In complement to seismological records, the knowledge of the ruptured
fault geometry and of the co-seismic ground deformation are key
data to investigate the mechanics of seismic rupture. This information
can be retrieved from sub-pixel correlation of pre- and post-earthquake
remotely sensed optical images. However, this technique suffers
from a number of limitations, mostly due to uncertainties on the
imaging systems and on the platform attitudes, leading to strong
distortions and stereoscopic effects.
Here, we propose an automated procedure that overcomes most of
these limitations. In particular, we take advantage of the availability
of accurate digital elevation models with global coverage (SRTM).
This methodology will improve our ability to collect measurements
of ground deformation, in particular in the case of large earthquakes
occurring in areas with little or no local geophysical infrastructure.
Measuring co-seismic deformations from remotely sensed optical
images is attractive thanks to the operational status of a number
of imaging programs (SPOT, ASTER, Quickbird, USGS-NAPP aerial programs,
etc...) and to the broad availability of archived data.
The general procedure consists of generating accurate ground control
points (GCP) for each image. An accurate ortho-rectification model
is then built, which allows accurate ortho-rectification and co-registration
of the set of images. Correlation on the ortho-rectified images
then delivers the horizontal ground displacements to analyze.
Technique flow chart
described in this study have been implemented in a software package,
COSI-Corr (Co-registration of Optically Sensed Images and Correlation),
developed with IDL (Interactive Data Language) and integrated under
ENVI. It allows for precise ortho-rectification, co-registration
and correlation of SPOT and ASTER satellite images as well as aerial
The COSI-Corr discussion Forum is now open.
Sand Dune Migration on Mars Measured using COSI-Corr Software
Last year, images from NASA's Mars Reconnaissance Orbiter captured sand dunes and ripples moving across the surface of Mars - observations that challenged previously held beliefs that there was not a lot of movement on the red planet's surface. Now, technology developed by a team at the California Institute of Technology (Caltech) has allowed scientists to measure these activities for the very first time.
Perspective view of the Nili Patera dune field. Colors indicate how much the ripple moved - cool colors (blue) correspond to less than 75 cm of displacement whereas warm colors (red) correspond to 4.5+ meters.
[Credit: California Institute of Technology].
Surface rupture accompanying the Mw7.2 Sierra El Mayor earthquake in Baja California, Mexico, on April 4, 2010
The rupture extends for 60 km across the image and projects directly toward the epicenter (orange star) near Durango, Mexico. The average horizontal offset along the fault is two to three meters. The east-west and north-south components of displacement are shown.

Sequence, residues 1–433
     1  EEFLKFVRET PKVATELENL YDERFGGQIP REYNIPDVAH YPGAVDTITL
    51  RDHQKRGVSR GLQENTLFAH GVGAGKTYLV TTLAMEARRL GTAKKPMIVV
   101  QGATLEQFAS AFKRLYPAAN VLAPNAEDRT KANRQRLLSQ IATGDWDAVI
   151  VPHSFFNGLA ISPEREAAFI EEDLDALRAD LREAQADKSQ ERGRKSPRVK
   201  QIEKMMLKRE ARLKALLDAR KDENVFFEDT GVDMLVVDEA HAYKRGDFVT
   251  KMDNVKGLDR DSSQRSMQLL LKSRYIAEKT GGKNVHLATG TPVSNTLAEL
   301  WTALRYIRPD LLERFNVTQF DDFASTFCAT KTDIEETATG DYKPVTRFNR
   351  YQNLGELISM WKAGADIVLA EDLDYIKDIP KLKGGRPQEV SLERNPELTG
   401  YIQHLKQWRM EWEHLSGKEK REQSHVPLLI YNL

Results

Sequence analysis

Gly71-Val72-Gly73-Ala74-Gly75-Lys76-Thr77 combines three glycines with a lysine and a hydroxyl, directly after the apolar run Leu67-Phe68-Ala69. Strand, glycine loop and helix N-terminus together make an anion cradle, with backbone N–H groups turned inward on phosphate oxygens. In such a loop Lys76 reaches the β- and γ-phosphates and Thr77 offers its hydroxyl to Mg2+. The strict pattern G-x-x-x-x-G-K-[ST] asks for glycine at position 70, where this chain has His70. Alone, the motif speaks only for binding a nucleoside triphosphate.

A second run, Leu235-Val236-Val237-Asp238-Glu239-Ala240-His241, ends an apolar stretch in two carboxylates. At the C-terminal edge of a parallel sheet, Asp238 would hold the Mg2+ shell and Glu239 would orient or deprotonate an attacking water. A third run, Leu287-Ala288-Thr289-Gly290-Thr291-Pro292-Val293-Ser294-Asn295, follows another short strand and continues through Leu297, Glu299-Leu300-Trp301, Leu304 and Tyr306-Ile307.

These images were generated by a "subpixel correlation analysis" of optical satellite images (SPOT 2.5 m panchromatic images) before and after the earthquake, using the software COSI-Corr.
More information on UNAVCO site.
Analysis by Sebastien Leprince (Tectonics Observatory, Caltech) and USGS.
31 Mar 2010
Caltech public lecture
Modern Methods of Observing Earthquakes: What We Have Learned About Haiti and Chile using Seismology and Space Observations
- Fox News coverage
- Video of public lecture
An EarthSky Extended Podcast
Jean-Pilippe Avouac on earthquakes
EarthSky’s Jeremy Shere talked with geologist Jean-Philippe
Avouac about how he uses satellite imagery to study earthquakes... link to listen or download
22 Oct 2008
NASA Earth Observatory
When the Earth Moved
atop a web of active geological faults with underground dynamics
that rival the complexities above ground. On October 8, 2005,
one of the faults gave way, resulting in a magnitude 7.6
25 Jan 2008
Snapshots From Space
...There is no doubt that Google Earth is a true cultural phenomenon,
but that sort of technology has a lot more to offer than mind-blowing
cubicle excursions. Sebastien Leprince, a graduate student in electrical
engineering at Caltech, recently developed similar software under
the guidance of geology professor Jean-Philippe Avouac. He designed
it for geoscientists monitoring natural disasters...link
Caltech Media Release
Tracking Earth Changes with Satellite Images
SAN FRANCISCO, Calif.--For the past two decades, radar images from
satellites have dominated the field of geophysical monitoring for
natural hazards like earthquakes, volcanoes, or landslides. These
images reveal small perturbations precisely, but large changes from
events like big earthquake ruptures or fast-moving glaciers remained
difficult to assess from afar, until now...link
Science, Editors' Choice:
The Big Dig
Avouac et al. show the Mw 7.6 Kashmir earthquake rupture broke through
to the surface.
Nature, Research Highlights:
Satellite maps faultline
Researchers use readily available satellite photographs to measure
ground deformation caused by large earthquakes.